The overwhelming enthusiasm for brain training may represent a victory of marketing campaigns, but should give us pause. Our minds, once made up, can prove difficult to change, even with strong evidence to the contrary. In brain training, the potential for misuse and creation of unjustified expectations is significant. On the one hand, maintaining a positive outlook can be beneficial in many circumstances, and may even boost the effects of therapy. Expectations motivate us, and may account for at least some of the benefits reported in the scientific literature – not to mention the success of the commercial market. However, the extent and significance of such influences are ambiguous. Unrealistic expectations of success may drive people to buy into programs without considering other, potentially less costly and more appropriate, alternatives. If brain training cannot yield robust, tangible results, patients may lose faith in themselves or in their capacity to improve; the industry may be fated to the same disillusionment that has spawned mistrust in Big Pharma.

The appeal of brain training programs is strong; the evidence for their effectiveness less so. Research must now determine how our expectations interact with a program’s intended outcomes, and establish whether they are helping or hurting us. Meanwhile, the consumer’s job is to keep expectations consistent with what science has shown, rather than what the industry claims. Brain training may promote cognitive health or represent a drug-free alternative to medication. Optimism may turn out to be a powerful driver of positive brain training effects which clinicians can harness for the benefit of their patients. But we should not allow our hopes and expectations to color our ability to question claims. More screen time might have its own costs (perhaps especially for school age children), while something as simple as walking (sometimes away from a computer) has known benefits for memory and overall health, especially in older age. Before buying into computer-based brain training, we should be mindful of what we are actually gaining – or losing.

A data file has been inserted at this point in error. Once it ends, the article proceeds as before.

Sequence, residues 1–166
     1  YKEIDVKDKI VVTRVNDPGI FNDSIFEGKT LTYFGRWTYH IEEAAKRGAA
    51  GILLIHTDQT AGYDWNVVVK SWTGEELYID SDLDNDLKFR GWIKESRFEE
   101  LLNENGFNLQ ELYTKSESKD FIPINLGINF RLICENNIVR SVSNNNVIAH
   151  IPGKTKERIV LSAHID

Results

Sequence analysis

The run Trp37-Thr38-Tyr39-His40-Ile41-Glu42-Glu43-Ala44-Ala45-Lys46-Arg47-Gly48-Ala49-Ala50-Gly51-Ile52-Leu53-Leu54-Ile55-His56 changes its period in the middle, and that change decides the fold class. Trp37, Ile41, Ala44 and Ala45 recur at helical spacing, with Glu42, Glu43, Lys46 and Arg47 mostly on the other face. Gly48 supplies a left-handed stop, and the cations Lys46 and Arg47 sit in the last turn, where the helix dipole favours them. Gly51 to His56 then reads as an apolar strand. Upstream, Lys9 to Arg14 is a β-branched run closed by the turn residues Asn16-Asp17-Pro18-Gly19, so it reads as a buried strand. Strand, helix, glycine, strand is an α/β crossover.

Copyright Alan Castel

About the Author

Alan Castel is an Associate Professor of Cognitive Psychology at the University of California, Los Angeles. He completed a Ph.D. at the University of Toronto and a postdoctoral fellowship at Washington University in St. Louis. His research focuses on the psychology of aging, how cognition changes with age, and the degree to which people are aware of their own memory ability.